Address National Institute for Public Health and the Environment, A. van Leeuwenhoeklaan 9, 3720 BA Bilthoven, The Netherlands. peter.den.outer@rivm.nl
Corporate Author Thesis
Publisher Place of Publication Editor
Language English Summary Language Original Title (up)
Series Editor Series Title Abbreviated Series Title
Series Volume Series Issue Edition
ISSN 1424-8220 ISBN Medium
Area Expedition Conference
Notes PMID:22163715; PMCID:PMC3231263 Approved no
Call Number IDA @ john @ Serial 196
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Author Hale, J.D.; Davies, G.; Fairbrass, A.J.; Matthews, T.J.; Rogers, C.D.F.; Sadler, J.P.
Title Mapping lightscapes: spatial patterning of artificial lighting in an urban landscape Type Journal Article
Year 2013 Publication PloS one Abbreviated Journal PLoS One
Volume 8 Issue 5 Pages e61460
Keywords *Cities; England; Environmental Pollution; Geographic Mapping; Humans; Light; *Lighting; Photography; Urban Population; *Urbanization
Abstract Artificial lighting is strongly associated with urbanisation and is increasing in its extent, brightness and spectral range. Changes in urban lighting have both positive and negative effects on city performance, yet little is known about how its character and magnitude vary across the urban landscape. A major barrier to related research, planning and governance has been the lack of lighting data at the city extent, particularly at a fine spatial resolution. Our aims were therefore to capture such data using aerial night photography and to undertake a case study of urban lighting. We present the finest scale multi-spectral lighting dataset available for an entire city and explore how lighting metrics vary with built density and land-use. We found positive relationships between artificial lighting indicators and built density at coarse spatial scales, whilst at a local level lighting varied with land-use. Manufacturing and housing are the primary land-use zones responsible for the city's brightly lit areas, yet manufacturing sites are relatively rare within the city. Our data suggests that efforts to address light pollution should broaden their focus from residential street lighting to include security lighting within manufacturing areas.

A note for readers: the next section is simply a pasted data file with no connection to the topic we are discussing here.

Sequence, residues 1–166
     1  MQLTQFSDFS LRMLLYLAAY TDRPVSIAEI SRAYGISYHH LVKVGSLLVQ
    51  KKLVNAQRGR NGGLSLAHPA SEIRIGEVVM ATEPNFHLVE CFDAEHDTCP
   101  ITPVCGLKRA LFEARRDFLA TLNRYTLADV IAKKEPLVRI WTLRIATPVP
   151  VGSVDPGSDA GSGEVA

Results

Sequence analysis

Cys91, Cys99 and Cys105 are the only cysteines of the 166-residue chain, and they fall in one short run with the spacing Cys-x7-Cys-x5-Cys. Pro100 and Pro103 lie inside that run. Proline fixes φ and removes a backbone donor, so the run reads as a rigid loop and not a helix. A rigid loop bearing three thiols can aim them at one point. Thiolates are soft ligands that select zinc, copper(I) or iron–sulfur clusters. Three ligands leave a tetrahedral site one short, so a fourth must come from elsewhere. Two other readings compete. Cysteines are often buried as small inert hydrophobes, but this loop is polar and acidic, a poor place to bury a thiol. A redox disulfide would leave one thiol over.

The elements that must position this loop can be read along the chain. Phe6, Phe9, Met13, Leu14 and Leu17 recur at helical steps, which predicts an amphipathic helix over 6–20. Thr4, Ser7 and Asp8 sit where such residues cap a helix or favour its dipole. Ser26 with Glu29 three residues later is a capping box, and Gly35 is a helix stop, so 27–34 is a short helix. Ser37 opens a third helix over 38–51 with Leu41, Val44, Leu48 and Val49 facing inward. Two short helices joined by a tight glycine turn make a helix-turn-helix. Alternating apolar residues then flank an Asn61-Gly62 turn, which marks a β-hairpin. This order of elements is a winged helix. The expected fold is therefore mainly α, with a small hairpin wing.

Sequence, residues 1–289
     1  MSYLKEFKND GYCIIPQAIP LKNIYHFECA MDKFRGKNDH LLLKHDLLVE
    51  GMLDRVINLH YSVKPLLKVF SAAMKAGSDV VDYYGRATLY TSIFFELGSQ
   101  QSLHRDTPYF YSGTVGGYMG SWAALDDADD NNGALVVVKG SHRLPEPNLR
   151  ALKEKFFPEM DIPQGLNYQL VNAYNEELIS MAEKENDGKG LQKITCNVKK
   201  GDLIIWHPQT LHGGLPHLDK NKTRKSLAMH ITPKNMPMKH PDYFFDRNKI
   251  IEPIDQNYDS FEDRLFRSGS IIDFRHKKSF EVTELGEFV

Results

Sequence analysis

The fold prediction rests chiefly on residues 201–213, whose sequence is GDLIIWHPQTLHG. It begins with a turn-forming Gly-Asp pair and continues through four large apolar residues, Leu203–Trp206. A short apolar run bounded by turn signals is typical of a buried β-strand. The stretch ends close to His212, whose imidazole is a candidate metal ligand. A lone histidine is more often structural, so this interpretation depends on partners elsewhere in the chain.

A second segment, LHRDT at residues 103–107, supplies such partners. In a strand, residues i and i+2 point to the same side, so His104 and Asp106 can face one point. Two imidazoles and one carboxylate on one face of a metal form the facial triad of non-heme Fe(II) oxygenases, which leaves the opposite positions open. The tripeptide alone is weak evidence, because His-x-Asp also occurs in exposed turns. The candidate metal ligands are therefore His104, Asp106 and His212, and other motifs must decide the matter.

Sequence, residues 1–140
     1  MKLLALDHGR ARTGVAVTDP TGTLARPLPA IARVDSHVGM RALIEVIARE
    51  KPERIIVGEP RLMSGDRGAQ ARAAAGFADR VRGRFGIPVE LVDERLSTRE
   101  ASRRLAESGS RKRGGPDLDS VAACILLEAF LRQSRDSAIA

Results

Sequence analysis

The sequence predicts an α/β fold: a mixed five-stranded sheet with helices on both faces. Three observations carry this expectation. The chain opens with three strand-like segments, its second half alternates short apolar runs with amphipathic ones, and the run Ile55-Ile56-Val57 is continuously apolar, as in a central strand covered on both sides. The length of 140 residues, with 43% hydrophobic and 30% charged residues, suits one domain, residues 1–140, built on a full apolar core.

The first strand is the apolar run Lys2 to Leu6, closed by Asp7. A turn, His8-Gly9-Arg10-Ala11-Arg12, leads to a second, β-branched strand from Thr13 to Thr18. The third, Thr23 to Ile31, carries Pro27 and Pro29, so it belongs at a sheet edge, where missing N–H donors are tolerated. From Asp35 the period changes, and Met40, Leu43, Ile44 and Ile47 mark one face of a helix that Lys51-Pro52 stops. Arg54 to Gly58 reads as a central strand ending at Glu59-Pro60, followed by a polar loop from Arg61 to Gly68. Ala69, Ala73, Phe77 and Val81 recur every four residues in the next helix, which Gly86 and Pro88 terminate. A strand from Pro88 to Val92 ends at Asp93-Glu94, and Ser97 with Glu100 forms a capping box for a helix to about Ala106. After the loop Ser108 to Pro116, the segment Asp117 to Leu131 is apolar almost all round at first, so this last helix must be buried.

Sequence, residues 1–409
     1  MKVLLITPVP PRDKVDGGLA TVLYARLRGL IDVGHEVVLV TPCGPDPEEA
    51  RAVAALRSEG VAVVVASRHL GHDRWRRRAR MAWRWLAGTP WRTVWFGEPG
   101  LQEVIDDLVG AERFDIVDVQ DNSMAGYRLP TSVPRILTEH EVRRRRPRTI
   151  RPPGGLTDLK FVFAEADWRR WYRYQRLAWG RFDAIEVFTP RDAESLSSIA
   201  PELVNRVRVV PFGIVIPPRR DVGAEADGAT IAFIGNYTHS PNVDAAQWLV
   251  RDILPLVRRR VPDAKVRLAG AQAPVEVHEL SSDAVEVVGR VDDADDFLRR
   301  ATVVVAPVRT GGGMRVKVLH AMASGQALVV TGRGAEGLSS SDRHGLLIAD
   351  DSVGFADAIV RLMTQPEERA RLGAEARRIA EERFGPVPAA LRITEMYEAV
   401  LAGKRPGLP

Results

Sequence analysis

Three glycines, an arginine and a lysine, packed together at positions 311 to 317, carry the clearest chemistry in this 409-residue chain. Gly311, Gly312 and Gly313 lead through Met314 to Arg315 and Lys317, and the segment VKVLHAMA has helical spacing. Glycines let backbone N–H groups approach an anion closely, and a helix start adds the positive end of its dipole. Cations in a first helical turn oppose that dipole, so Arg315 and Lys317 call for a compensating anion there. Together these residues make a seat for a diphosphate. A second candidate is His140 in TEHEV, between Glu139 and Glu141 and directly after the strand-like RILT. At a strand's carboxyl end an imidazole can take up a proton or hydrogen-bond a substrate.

Address School of Geography, Earth and Environmental Sciences, The University of Birmingham, Birmingham, West Midlands, United Kingdom. j.hale@bham.ac.uk
Corporate Author Thesis
Publisher Place of Publication Editor
Language English Summary Language Original Title (up)
Series Editor Series Title Abbreviated Series Title
Series Volume Series Issue Edition
ISSN 1932-6203 ISBN Medium
Area Expedition Conference
Notes PMID:23671566; PMCID:PMC3646000 Approved no
Call Number IDA @ john @ Serial 209